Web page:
Sermon delivered by the Rev Sydney Maitland
The invitation arrives and offers a party of special excellence in its company, its refreshments, its décor, its provender and its entertainment. Nothing but the best is in prospect, and only a fool would ignore or reject it.
On receiving it we might wonder just who is making the invitation and therefore just how much trust to place in its promises. Even “a party” can suggest one of any number of possibilities.
For some the idea of a party may imply dingy surroundings filled with boring people and insipid food and drink and indifferent entertainment: for others the whole idea points to palatial accommodation filled with scintillating company, and excellence in all aspects of a well-appointed occasion.
So what about this: an invitation dating back some 2500 years, offering a beleaguered and besieged people wine, milk and rich food. They may accept the invitation just as they are for they can do nothing to earn or deserve it; and the host Himself will make them into fit company arrayed in the best of attire and fabrics.
This is where we are in the book of Isaiah, as the exiles in Mesopotamia were invited to renew their fellowship with God and to draw close to His table.
There is one point that we should note however in that even though the invitation was made to the exiles of ancient Israel, it has never been withdrawn: even during or since the time of Jesus. It was made to the Jews and it is still valid, for God does not deny His word and He does not withdraw His promises.
And more than this, if He continues to honour the promises He has made to His ancient people the Jews, then His promises to us whose history does not contain the giving of the law, the building of the temple, the writing of the laws and songs and histories and prophecies of the Old Testament, are also wholly and fully trustworthy. Equally if God will cast aside the Jews, then why should He not cast aside us also who take such modern pride in re-writing and re-interpreting His writings in the New and indeed Old Testaments?
For this we may be sure: we are supported by the spiritual heritage of the Jews and dare not make ourselves superior to them. As Paul says to the Romans in a different part of his letter to them:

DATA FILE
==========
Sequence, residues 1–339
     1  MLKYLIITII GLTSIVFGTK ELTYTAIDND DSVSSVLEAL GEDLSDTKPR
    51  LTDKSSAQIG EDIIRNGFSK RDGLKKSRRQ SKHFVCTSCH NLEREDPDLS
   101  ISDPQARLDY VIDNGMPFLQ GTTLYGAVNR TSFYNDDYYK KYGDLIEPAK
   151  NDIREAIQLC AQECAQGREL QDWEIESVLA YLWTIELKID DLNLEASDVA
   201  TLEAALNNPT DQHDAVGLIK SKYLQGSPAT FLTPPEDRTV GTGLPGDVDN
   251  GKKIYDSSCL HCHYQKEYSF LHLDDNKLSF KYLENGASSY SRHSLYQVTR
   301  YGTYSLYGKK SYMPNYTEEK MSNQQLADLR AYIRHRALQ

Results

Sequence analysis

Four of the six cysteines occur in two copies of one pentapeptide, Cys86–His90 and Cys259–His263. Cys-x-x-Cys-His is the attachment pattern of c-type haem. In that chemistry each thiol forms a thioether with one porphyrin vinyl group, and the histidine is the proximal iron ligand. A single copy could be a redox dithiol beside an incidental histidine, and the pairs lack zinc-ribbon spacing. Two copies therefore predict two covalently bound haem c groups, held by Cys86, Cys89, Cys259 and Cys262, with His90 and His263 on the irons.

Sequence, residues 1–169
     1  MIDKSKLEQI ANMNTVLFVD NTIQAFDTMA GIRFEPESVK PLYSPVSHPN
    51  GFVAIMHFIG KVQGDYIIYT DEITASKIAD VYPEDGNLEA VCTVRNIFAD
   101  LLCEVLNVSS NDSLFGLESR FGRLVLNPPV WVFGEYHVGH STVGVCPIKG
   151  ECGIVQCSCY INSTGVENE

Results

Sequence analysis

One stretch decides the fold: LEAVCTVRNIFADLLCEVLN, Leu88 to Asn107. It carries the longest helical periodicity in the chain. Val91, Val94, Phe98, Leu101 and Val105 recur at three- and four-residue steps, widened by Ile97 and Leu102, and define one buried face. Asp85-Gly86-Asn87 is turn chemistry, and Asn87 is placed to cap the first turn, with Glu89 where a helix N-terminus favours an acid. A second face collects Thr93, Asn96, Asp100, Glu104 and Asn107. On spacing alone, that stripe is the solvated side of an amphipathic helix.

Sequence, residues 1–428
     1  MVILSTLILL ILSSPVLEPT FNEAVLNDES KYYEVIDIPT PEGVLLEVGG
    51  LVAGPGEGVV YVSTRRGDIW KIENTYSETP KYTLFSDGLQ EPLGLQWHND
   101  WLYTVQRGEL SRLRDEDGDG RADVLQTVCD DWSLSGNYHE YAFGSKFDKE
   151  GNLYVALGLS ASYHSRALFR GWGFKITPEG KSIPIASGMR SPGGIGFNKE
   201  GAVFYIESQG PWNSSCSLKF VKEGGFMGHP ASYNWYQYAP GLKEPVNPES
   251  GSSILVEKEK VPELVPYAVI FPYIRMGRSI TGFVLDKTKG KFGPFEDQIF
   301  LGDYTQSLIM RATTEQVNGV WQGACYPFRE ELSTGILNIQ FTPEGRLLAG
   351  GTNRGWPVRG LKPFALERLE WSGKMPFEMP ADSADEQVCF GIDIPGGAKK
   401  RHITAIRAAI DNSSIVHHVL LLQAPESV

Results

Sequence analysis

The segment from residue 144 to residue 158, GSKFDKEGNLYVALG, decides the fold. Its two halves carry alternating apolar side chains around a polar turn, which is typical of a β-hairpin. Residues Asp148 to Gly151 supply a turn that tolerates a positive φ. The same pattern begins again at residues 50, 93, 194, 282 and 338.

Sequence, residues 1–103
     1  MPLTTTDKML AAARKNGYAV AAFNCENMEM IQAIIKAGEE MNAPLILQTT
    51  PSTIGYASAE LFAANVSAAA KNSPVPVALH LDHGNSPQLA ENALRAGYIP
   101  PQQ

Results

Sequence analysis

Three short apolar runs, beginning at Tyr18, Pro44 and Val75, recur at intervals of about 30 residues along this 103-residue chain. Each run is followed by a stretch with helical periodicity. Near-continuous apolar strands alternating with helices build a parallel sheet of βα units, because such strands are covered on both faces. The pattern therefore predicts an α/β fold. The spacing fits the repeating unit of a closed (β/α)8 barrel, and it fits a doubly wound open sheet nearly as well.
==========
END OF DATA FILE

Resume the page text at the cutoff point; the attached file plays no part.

“Has God cast away His people? Certainly not!” (Rom 11:1)
“Have they stumbled that they should fall? Certainly not!” (Rom 11: 11)
God still has a plan and a purpose for His people and even if we criticize their politics, let us be sure to do so with a wholly balanced judgment, taking all relevant factors into full account and not giving in to any kind of bias. But there is another aspect of God’s invitation. It is that He draws us into making that invitation and in ensuring that all have the opportunity to receive and accept it.
In feeding the 5000, Jesus accepted the pathetic offering of 5 loaves and 2 fishes. Jesus took them, blessed them, broke them and then gave them. But the giving was not to the crowd but to the disciples, who were charged with giving the food forth.
If the disciples had failed at this point then the crowd was not going to be fed and I find nothing convincing in the flaccid rationalization of this story that in sharing their food the disciples set an example for others also to share their packed lunches with their neighbours. After all the gospel story is clear in stating that the people had nothing with them and the disciples urged that they should be sent away to buy food for themselves.
But secondly, the bread loaves and fishes were multiplied in the hands of the disciples. It is they who handled this multiplication of the food and it is they who saw it with their own eyes. If they had been astonished by Jesus’ teaching, now they would be astounded by His actions.
And in His actions Jesus was entrusting Himself to His disciples for the continuing and effectiveness and fulfilment of His work.
What we have before us therefore is not only an invitation to the supper of the Lord, but the privilege of extending that inviting to others so that they also may receive the invitation and have the opportunity to accept it and to enter its sense of anticipation.
It is invitation that also grows and multiplies itself in our hands as we hand it on, and as we look for opportunities to do so.
To some extent Jesus also takes us and blesses us. He draws us into His presence and He gives us a new life with new priorities and a new agenda. There are new ways of seeing things and of responding to them. There are new hopes and horizons and new ways of coping with all the pressures and temptations of our culture.
But Jesus also breaks us and gives us. The loaf of bread has to be broken or cut into pieces if it is to be eaten – and we also are not to be surprised if the buffetings of normal life expose us in our need to rely on Jesus wholly and fully when our inclinations may draw us in different directions.
And we also have to be broken of ourselves in order that Jesus may use us and give us as bearers of His message and invitation. The extraordinary thing is that as we allow ourselves to be broken and given forth, then we also will find that whatever in us honours the Lord is also multiplied so that others may also be blessed and fed.
• The Church of the Multiplication of the Loaves and Fish is a Roman Catholic church located in Tabgha, on the northwest shore of the Sea of Galilee in Palestine, where the miracle is believed to have taken place.